4. Other cases in point are Behari Lall Shaha v. Jagodisk Chunder Shaha I.L.R. (1904) Cal. 798 and Raghunath Lalwian v. Nathu Hirji Bhate I.L.R. (1894)Bom. 626. For the petitioner, however, reliance was placed upon the following cases, viz., Appadurai Mudali v. Murugappa Mudali (1925) 23 L.W. 709, Nanna Vashmumi Mudali v. Nathamuni (1929) 122 I.C. 342 and Narayana-murthi v. Subrahmanyam (1928) 114 I.C. 655. In the first case, which is a decision! of Odgers and Madhavan Nair, JJ., plaintiff lent a sum of money on a promissory note to a partnership. The partnership consisted of defendants 1 to 3 and took a contract of sale of arrack in certain shops and borrowed money from the plaintiff for the purpose of that business. First of all, in the opinion of Odgers, J., the business was not an illegal one on the ground that there was no sufficient material for the Court to so decide E and even on the supposition that the condition of the license was that all the names of the licensees or persons concerned in that particular business by way of partnership must appear on the face of the license it was a question whether on the evidence of the plaintiff he could be said to be particeps criminis in the carrying on of the illegal trade because, assuming that there was a prohibition in the terms of the license, there was no evidence that the plaintiff ever knew of it. The important distinguishing feature in that case is that the plaintiff was not a member of the partnership but was a stranger lending money to it. In the present case, the plaintiff was a partner and, if the partnership had for its object the carrying on of an illegal business, the plaintiff as a member of that partnership cannot be heard to deny that he had guilty knowledge. In the second case, which is a decision of Anantakrishna Aiyar, J., the plaintiff was a partner and sued for the taking of the partnership accounts between him and defendants 1 and 2 and for the recovery of the amount to be found due to him on the taking of the accounts. The suit was decreed but on appeal the Subordinate Judge reversed that decree and remanded the suit to the District Munsif for a fresh trial and whilst doing so suggested that the District Munsif might at the retrial consider a new ground pressed before him, namely, that the partnership was illegal. At the retrial, the first defendant put in an additional written statement contending that the partnership in question was illegal and opposed to public policy. The District Munsif found that the contract of partnership was illegal and opposed to public policy. The District Judge on appeal reversed the decision and the case came up on second appeal before Anantakrishna Aiyar, J. The facts were that the first defendant held a license to sell toddy in a shop and according to him took the plaintiff as a partner in respect of that business. The license was not produced by the first defendant. The District Judge held that since the license relating to the year in question had not been produced, there were no grounds for saying that the contract of partnership was illegal. The license, however, was produced in second appeal and was sought to be admitted in evidence* but Anantakrishna Aiyar, J. refused to allow it to be admitted in evidence at that stage. Anantakrishna Aiyar, J, held that it was essential that the license granted to the first defendant should be produced and that the view of the District Judge was correct in stating that at the time the partnership was formed the first defendant had not begun to trade in toddy and had no stock which he made the joint property of all the three partners. In this view the partnership could not be held to be illegal as there was nothing prima facie illegal in such a partnership under the Abkari Act. The decision in this case appears to me to have turned on the absence of proof that the partnership was entered into for an illegal purpose. In the last case, which is a decision of Reilly, J. it was held that although a partnership entered into in contravention of a. license or of any rule under the Abkari Act is void and the licensee of a toddy or arrack shop cannot legally take a partner without sanction, yet it is not illegal for several persons to' enter into a partnership for the purposes of bidding at a toddy shop auction and if successful in the auction of obtaining a. license and of carrying on a toddy shop business. Reilly, J. holds, that it is not illegal for persons to enter into a partnership for the purpose of carrying on a toddy shop business or one for which they hope at a future date to obtain a license-That is quite true if it is intended at a future date to get a license in the names of all the partners. That is not the fact here as a few dates will show. The first defendant was a successful bidder at the auction on 30th July, 1927 and it was in his name that the license was issued on 1st October, 1927. The promissory note is dated 17th August, 1927 and the money was therefore lent to the partnership after the first defendant had become the successful bidder at the auction and was the person in whose name the license would be issued. The first defendant in his evidence said that the two months' deposit of Rs. 140 was paid by him about the 20th August. After the license was-issued it is plain from the evidence that the partnership carried on the business. The permission of the Collector required by Clause 27 of the General Sales Notification was neither obtained nor applied for and there is evidence that the plaintiff himself was collecting the money of the business and keeping accounts.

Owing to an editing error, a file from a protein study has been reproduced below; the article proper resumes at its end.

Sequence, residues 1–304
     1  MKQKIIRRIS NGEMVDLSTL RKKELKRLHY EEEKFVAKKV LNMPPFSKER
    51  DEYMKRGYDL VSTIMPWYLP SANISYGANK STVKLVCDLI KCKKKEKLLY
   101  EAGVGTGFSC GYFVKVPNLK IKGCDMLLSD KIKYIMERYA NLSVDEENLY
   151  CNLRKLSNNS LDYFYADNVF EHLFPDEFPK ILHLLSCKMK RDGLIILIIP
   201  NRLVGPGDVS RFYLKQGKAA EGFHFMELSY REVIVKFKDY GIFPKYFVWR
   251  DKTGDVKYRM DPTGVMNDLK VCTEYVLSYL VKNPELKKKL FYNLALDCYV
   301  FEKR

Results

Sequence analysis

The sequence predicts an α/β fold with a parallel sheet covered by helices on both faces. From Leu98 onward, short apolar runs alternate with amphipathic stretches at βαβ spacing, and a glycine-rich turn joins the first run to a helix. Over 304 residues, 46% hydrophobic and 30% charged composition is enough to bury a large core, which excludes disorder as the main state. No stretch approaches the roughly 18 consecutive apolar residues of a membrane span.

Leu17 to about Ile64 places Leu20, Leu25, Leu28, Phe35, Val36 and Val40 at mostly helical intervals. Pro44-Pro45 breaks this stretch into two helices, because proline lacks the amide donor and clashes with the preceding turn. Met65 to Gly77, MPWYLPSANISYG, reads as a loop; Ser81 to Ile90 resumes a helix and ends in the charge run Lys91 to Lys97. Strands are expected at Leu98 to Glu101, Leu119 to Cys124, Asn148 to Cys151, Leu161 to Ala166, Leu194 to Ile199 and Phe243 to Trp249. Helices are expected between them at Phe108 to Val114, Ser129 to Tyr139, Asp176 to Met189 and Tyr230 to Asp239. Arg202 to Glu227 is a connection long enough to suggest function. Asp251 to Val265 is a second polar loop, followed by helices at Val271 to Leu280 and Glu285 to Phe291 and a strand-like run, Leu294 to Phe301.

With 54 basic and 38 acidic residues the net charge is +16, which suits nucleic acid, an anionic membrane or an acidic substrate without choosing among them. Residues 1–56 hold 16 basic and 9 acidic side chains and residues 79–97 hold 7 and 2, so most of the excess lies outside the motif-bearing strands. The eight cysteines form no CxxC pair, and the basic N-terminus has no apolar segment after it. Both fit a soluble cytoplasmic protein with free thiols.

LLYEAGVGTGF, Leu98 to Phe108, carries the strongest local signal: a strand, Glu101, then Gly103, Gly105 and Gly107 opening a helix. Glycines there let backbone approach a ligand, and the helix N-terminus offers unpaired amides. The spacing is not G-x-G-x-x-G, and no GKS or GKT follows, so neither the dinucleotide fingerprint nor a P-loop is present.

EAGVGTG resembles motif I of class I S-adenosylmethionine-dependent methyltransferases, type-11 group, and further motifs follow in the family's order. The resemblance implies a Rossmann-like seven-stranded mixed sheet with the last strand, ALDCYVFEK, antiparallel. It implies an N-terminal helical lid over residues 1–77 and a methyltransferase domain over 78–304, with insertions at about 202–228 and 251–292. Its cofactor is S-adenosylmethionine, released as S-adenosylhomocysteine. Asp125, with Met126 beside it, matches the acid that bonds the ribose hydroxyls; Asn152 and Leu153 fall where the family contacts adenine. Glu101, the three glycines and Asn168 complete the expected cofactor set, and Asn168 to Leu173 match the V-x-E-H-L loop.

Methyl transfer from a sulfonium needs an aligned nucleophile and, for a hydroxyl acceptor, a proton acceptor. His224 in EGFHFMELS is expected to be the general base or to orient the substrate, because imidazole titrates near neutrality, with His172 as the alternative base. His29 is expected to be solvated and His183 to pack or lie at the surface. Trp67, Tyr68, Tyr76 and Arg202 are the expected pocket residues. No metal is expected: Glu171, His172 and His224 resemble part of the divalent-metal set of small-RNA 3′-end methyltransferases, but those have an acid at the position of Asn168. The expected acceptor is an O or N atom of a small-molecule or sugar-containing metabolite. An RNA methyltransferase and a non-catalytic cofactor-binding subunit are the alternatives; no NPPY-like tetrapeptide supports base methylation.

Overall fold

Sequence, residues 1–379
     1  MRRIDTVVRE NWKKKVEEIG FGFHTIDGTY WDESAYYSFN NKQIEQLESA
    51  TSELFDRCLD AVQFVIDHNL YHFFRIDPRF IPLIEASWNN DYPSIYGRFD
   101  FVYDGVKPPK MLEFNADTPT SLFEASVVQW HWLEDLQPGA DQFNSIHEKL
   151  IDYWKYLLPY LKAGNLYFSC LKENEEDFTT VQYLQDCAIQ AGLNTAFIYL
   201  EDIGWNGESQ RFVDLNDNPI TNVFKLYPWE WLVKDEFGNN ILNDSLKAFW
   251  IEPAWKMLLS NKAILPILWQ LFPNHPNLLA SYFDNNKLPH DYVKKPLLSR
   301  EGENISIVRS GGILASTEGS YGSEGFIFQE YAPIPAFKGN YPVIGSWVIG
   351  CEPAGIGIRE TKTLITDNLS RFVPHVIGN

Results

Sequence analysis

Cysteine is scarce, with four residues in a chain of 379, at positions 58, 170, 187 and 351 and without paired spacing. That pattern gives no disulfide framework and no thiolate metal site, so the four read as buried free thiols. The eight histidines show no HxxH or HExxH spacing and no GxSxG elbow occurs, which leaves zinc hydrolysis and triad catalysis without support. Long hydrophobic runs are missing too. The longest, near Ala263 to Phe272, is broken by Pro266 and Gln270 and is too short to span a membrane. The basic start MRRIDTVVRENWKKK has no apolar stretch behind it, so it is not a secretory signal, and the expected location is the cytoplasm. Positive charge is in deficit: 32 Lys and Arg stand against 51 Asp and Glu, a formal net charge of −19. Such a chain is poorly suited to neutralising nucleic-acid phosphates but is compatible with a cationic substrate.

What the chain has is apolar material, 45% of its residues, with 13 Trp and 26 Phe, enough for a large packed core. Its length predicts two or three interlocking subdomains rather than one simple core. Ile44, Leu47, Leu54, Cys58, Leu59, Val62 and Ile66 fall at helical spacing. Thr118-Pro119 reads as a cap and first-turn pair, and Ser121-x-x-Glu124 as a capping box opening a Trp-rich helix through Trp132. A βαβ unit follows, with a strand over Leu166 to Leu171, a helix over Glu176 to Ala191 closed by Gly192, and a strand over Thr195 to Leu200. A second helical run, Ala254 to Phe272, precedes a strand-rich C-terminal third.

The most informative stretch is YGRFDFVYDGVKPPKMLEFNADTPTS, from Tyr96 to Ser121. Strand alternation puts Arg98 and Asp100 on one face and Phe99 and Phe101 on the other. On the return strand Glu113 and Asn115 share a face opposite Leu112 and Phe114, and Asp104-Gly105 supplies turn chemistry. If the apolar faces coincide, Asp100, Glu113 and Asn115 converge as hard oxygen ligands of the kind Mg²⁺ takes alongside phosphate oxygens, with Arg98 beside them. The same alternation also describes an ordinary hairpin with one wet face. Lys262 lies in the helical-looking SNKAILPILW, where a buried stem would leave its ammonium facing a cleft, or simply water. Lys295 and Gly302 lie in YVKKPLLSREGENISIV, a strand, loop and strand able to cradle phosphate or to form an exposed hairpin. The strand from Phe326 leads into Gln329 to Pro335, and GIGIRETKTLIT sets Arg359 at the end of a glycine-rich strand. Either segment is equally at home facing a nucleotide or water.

5. One thing, therefore, is perfectly clear, namely, that an illegal partnership was actually being carried on; but it is contended that at the date of the commencement of the partnership it has not been shown that it was formed for an illegal purpose. The plaintiff in his evidence did not say that it was intended to apply for the Collector's permission for. a transfer of the license or to carry on the business in partnership nor was there any cross-examination of the defence witness with regard to this point. The question is whether the learned trial Judge was right in drawing the inference from the facts that it was the intention of the partnership to carry on the business in the name of the first defendant alone. In my view, that is the only fair inference. The partnership was formed after the first defendant had become the successful bidder. The license would, therefore, be issued in his name. No application had been made for the issue of the license in the names of the partners. In fact no such license was ever asked for nor was the permission of the Collector obtained and the fair inference is that the object of the partnership was to do that which it did in fact do, namely, carry on the business in contravention of Clause 27. On the facts of this case, I am satisfied that the District Munsif properly decided this case; and in the result this Civil Revision Petition must be dismissed with costs.

Ramesam, J.

6. I agree.

King, J.

7. I agree.